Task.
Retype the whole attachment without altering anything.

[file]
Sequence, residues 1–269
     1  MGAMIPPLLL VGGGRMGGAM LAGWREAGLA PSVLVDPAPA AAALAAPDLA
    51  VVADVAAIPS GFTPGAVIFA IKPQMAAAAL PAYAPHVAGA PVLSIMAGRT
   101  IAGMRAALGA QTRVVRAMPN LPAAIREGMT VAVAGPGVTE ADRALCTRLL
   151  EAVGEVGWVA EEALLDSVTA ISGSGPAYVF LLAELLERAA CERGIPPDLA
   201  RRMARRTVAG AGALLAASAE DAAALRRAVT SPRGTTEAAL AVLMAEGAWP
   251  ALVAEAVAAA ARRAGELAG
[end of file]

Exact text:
Sequence, residues 1–269
     1  MGAMIPPLLL VGGGRMGGAM LAGWREAGLA PSVLVDPAPA AAALAAPDLA
    51  VVADVAAIPS GFTPGAVIFA IKPQMAAAAL PAYAPHVAGA PVLSIMAGRT
   101  IAGMRAALGA QTRVVRAMPN LPAAIREGMT VAVAGPGVTE ADRALCTRLL
   151  EAVGEVGWVA EEALLDSVTA ISGSGPAYVF LLAELLERAA CERGIPPDLA
   201  RRMARRTVAG AGALLAASAE DAAALRRAVT SPRGTTEAAL AVLMAEGAWP
   251  ALVAEAVAAA ARRAGELAG